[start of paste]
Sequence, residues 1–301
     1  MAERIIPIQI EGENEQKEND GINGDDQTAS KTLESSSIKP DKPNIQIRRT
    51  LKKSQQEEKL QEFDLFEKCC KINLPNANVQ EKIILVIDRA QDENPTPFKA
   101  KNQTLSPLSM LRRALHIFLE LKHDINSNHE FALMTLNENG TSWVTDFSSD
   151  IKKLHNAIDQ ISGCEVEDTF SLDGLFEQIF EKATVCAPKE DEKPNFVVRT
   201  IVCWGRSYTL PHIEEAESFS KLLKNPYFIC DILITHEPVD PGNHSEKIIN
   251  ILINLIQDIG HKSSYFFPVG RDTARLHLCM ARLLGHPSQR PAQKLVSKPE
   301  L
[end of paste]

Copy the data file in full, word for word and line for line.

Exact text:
Sequence, residues 1–301
     1  MAERIIPIQI EGENEQKEND GINGDDQTAS KTLESSSIKP DKPNIQIRRT
    51  LKKSQQEEKL QEFDLFEKCC KINLPNANVQ EKIILVIDRA QDENPTPFKA
   101  KNQTLSPLSM LRRALHIFLE LKHDINSNHE FALMTLNENG TSWVTDFSSD
   151  IKKLHNAIDQ ISGCEVEDTF SLDGLFEQIF EKATVCAPKE DEKPNFVVRT
   201  IVCWGRSYTL PHIEEAESFS KLLKNPYFIC DILITHEPVD PGNHSEKIIN
   251  ILINLIQDIG HKSSYFFPVG RDTARLHLCM ARLLGHPSQR PAQKLVSKPE
   301  L